How to Recycle Hazardous Office Supplies

published Dec 20, 2015
2 min read


The rapid economic development and staggering rates of consumption put a serious strain on the environment. Offices are not only about tons of paper, and without sophisticated products like computer networks, printers and electronic equipment, it would be impossible to imagine the operations. They are manufactured using natural materials, but also altered with various other elements like plastics and acids. So, when something goes wrong, or an appliance breaks down, problems arise not only for the office administrator but for the nature as well.

  • The milestone of green office practices is a paper recycling program. This material is responsible for a bulk of office waste, and it ends up in landfill every day. It is possible to supplement the paper use by going digital, but that does not address the root of the problem. If the office manager is unaware of how to proceed with the program, bear in mind that there are a lot of great online resources that provide guidance and tips. Also, it is advisable to put glass, plastic and paper waste in separate bins to make the recycling process easier.
  • Keeping with the energy efficiency trends is on the roll and many offices feature fluorescent light bulbs.  Durable and cost-effective, they still have limited lifespan. Moreover, they also have a small amount of mercury, which is a peril to both the ecosystem and humans. Other materials like glass and metal, however, can be reused, making it all the more important to keep the bulbs on your recycling radar. Hardware stores and other retailers often sport in-store recycling of bulbs, so make good use of it.


  • Make an effort to reuse elaborate components such as printer ink and toner cartridges. For recycling and refilling, many companies turn to local (re) manufacturers that offer collection bins and services. There are also DIY refill kits available, although the cost-effectiveness of this is up for a debate. Regardless, reuse approach is excellent because it means that no new plastic is created. It is, however, not possible to do this an indefinite number of times, so other practices should be in place as well. One of them is recycling cartridges when they reach an end of their life.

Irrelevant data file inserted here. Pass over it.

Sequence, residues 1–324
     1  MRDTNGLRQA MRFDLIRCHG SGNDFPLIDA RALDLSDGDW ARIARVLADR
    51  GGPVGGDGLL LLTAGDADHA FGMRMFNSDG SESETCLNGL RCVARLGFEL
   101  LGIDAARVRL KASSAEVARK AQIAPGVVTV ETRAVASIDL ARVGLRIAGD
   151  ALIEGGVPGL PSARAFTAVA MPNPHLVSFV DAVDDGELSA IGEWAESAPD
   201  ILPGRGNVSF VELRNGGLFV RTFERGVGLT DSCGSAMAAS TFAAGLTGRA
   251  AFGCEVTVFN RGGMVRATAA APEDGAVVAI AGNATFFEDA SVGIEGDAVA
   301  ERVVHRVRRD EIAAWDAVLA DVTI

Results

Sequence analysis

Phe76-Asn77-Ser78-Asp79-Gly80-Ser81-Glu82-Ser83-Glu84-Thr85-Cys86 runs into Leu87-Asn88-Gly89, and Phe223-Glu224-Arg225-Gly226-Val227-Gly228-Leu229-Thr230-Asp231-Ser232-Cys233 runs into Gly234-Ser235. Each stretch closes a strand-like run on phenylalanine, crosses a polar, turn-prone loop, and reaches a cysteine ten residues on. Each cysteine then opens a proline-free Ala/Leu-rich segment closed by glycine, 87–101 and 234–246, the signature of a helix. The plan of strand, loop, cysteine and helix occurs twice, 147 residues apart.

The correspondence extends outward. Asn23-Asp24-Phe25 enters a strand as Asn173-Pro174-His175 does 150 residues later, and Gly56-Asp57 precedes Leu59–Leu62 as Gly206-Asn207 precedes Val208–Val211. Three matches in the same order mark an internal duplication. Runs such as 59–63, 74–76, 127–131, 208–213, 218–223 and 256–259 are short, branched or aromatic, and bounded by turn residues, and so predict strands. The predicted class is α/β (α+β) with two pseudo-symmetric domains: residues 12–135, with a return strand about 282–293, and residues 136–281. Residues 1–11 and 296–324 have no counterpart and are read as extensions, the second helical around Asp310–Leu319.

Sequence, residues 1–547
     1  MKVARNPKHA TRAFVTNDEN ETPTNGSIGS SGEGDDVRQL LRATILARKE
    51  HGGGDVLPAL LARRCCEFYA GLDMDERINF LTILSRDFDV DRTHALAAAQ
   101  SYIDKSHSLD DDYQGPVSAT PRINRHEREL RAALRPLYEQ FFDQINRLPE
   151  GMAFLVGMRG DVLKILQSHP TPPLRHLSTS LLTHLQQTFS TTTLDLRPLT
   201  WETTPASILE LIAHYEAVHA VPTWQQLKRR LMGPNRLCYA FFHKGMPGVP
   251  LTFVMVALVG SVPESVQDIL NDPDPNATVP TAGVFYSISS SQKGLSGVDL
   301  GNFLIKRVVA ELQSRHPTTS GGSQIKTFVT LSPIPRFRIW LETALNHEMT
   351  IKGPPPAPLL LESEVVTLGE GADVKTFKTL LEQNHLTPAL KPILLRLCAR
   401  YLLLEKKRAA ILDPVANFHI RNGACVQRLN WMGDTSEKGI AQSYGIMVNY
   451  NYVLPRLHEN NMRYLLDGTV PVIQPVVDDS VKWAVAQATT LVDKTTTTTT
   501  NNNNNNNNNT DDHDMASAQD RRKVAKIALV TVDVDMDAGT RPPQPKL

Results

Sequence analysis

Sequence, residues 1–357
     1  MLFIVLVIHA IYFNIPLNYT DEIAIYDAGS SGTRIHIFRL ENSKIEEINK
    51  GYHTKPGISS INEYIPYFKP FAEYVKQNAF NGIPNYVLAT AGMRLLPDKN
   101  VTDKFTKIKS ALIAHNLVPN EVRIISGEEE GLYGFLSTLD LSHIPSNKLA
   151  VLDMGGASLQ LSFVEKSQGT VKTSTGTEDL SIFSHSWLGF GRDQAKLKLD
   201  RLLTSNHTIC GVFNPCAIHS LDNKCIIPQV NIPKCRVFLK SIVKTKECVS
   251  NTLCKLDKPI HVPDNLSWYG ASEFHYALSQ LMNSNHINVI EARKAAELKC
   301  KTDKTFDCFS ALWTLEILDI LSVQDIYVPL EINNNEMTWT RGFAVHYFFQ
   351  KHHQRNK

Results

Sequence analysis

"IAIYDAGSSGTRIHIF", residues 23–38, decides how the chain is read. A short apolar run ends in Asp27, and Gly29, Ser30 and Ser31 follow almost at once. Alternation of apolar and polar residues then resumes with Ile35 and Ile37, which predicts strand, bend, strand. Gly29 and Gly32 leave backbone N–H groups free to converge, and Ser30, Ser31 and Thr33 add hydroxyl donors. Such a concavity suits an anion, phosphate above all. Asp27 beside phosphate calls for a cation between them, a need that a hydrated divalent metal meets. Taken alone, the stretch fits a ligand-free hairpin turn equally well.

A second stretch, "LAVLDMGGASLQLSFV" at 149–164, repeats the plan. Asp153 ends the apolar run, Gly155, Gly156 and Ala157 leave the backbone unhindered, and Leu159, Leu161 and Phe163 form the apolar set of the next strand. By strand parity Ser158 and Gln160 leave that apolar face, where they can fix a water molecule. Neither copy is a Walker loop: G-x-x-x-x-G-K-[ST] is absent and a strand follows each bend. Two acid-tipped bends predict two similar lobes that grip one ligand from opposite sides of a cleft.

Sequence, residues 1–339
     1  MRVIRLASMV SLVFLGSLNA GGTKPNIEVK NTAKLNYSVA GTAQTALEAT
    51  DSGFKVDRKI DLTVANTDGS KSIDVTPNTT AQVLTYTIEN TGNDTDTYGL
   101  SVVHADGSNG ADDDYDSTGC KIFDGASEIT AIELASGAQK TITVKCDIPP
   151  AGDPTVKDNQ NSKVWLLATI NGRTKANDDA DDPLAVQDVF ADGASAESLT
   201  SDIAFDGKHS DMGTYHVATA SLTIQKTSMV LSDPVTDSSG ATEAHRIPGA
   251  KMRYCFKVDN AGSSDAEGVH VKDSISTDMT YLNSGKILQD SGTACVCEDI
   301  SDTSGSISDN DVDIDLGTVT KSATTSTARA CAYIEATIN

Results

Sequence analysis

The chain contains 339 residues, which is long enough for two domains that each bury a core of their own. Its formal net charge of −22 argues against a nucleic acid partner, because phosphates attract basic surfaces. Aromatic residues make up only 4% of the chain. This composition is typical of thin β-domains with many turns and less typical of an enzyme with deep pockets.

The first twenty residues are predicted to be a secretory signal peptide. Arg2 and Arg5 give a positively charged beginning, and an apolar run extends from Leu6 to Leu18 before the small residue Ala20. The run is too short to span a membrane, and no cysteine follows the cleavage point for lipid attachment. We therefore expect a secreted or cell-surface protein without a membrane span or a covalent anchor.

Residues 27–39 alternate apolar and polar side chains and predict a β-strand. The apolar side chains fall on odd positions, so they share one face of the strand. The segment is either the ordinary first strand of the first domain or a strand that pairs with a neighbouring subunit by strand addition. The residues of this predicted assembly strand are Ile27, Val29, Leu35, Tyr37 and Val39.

• With the surge of computing technologies, electronic hardware is quickly made obsolete. A great deal of discarded monitors and computers is found in landfills, and it seems that people are not used to recycling the high-tech waste. This is a burning issue since that way arsenic, beryllium, lead and other toxics are leaked into the ground. Furthermore, e-waste has a certain amount of silver, gold, and other valuable materials that can be recycled. Thus, dispose of high-tech waste using the services of a trusted recycler who minimizes pollution and health risks.
  • Do not overlook the batteries as well. One of the ways to gather and recycle them is to introduce a battery recycling box, but it would be also wise to check the local collection service. The similar recipe works for old cell phones that often end in god forgotten places to collect dust or worse. The level of damage to the environment is not proportional to their size, as mobile devices contain nickel, cobalt, and plastics, among other harmful substances. As an alternative, get to know drop-off locations or return some components like mobile batteries to phone outlets and retails.


Raising the bar

To tackle the challenges of modern business, embrace the reduce-reuse-recycle philosophy. Recycling the office waste prevents toxins from entering the environment, while reusing something multiple times enables us to cut the operational costs and further reduce the impact on the ecosystem. Make good use of local options for recycling office supplies and implement recycling best practices. This does not come naturally to most people, which is why raising the recycling awareness in the workplace is of the utmost importance.